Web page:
Tag: honorary doctorate

NIU to give honorary doctorate to Tetovo’s ‘rector of the people’

Vullnet Ameti

Vullnet Ameti

NIU will confer an honorary doctorate degree this fall to Vullnet Ameti, a man who demonstrated his belief in education as a human right by helping to establish the only Albanian university in Macedonia.

The rector of the University of Tetovo will receive his distinction during the Graduate School commencement, scheduled for 2 p.m. Saturday, Dec. 16, in the NIU Convocation Center.

Anthony Preston, director of Global Programs in the NIU College of Business, nominated Ameti on behalf of the university’s Division of International Affairs.

“Dr. Vullnet Ameti is one of the most charitable and courageous men I have ever met,” Preston said. “He is truly a man that cares about the people of his nation.”

He has proven his commitment many time over, Preston added.

“In the early ’90s, the government did not recognize Albanians living in Macedonia as equal citizens,” he said. “They were not allowed to vote, or use the same facilities, and were not granted the right to education.”

Change began in 1994.

“Rector Ameti, along with other Albanian intellectuals in Macedonia, led the protests in front of the rifle barrels of the Macedonian gendarmerie,” Preston said. “Until then, Albanians only dreamt about the possibility of earning a secondary degree in their home country.”

For Ameti, those dreams took him from his homeland to Yugoslavia, where he earned his bachelor’s (1985) and master’s (1989) degrees at the University of Pristina, and later to Bosnia and Herzegovina, where he completed his Ph.D. at the University of Tuzla in 2008.

But it was in Macedonia where Ameti would build his legacy.

ameti-vullnetWorking with his fellow ethnic Albanians, Ameti began to recruit teachers to open and staff a university. Students and teachers held classes in churches, mosques, restaurants and even private homes.

“On June 4, 1994, Rector Ameti and his family donated a small piece of farmland for the purpose of starting a university. This was the first, and as of today the only, Albanian university in Macedonia,” Preston said.

Ten years later, the national government finally recognized the University of Tetovo as a state university of higher education.

More than 27,000 students now are enrolled in pursuit of undergraduate and graduate degrees, including the Ph.D. level.

“He has taught thousands of students and continues to be a rector of the people,” Preston said. “He is never afraid to get his hands dirty. I have witnessed him on many occasions lay bricks for new buildings on campus, cut bushes and trees and feed the homeless.”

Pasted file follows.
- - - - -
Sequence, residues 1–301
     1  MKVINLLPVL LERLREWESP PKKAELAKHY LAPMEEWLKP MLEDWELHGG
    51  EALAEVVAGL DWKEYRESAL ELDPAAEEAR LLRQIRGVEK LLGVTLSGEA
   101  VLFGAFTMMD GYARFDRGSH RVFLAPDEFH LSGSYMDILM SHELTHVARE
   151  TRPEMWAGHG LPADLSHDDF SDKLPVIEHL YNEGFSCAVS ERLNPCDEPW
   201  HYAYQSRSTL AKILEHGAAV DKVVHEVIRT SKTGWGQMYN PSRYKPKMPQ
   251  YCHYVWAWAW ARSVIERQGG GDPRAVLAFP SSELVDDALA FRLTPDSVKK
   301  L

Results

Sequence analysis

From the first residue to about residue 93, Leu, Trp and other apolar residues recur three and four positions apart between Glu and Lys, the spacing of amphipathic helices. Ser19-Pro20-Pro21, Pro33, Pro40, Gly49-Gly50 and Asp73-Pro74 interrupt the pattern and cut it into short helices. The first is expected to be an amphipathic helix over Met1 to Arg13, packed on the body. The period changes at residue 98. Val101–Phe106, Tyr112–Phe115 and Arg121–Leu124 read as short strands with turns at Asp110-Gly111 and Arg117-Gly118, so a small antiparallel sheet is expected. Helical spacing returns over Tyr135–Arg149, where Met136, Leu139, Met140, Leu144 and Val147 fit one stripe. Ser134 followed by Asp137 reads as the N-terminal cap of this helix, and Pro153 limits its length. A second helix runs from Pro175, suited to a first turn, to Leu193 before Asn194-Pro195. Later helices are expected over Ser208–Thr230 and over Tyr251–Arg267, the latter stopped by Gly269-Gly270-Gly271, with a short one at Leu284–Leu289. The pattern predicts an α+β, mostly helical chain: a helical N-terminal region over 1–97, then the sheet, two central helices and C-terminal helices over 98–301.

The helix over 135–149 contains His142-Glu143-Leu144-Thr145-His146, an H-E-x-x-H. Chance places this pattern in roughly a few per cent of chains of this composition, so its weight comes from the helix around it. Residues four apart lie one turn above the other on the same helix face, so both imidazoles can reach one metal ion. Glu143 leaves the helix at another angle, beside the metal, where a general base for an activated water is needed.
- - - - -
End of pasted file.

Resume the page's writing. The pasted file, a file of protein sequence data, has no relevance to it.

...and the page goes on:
Acting NIU President Lisa Freeman visited the University of Tetovo in 2015 to dedicate the Center for Peace and Transcultural Communication, a joint venture with NIU meant to foster better social platforms for younger generations and a better society.

The center hosted its first international conference last December. Around 225 people, including a contingent of five from NIU, attended “The Impact of U.S. Policy in Promoting Democracy, Peace, State-Building, Economic Recovery and the Protection of National, Religious and Civic Values in the Countries of the Region.”

Freeman returned to Macedonia in May of this year to receive an honorary doctorate from the University of Tetovo.

Vullnet Ameti and NIU Acting President Lisa Freeman

Vullnet Ameti and NIU Acting President Lisa Freeman

“Rector Ameti always has impressed me with his bravery in the face of resistance and his determination to provide higher education to ethnic Albanians living in Macedonia. What he has done – what he continues to do – is remarkable, inspirational and humbling,” Freeman said. “I always look forward to our visits, as well as our conversations about access to education, and it will be my great privilege to present him with this honorary degree.”

Patrick Roberts, an associate professor in the College of Education’s Department of Leadership, Educational Psychology and Foundations, shares in the enthusiasm for Ameti’s NIU recognition.

Roberts helped to plan and lead last December’s international conference on democracy, and is spearheading a mostly photographic exhibition depicting the history of the University of Tetovo.

The exhibit, hosted in the Blackwell History of Education Museum in Gabel Hall, will open in December to coincide with Ameti’s visit to DeKalb.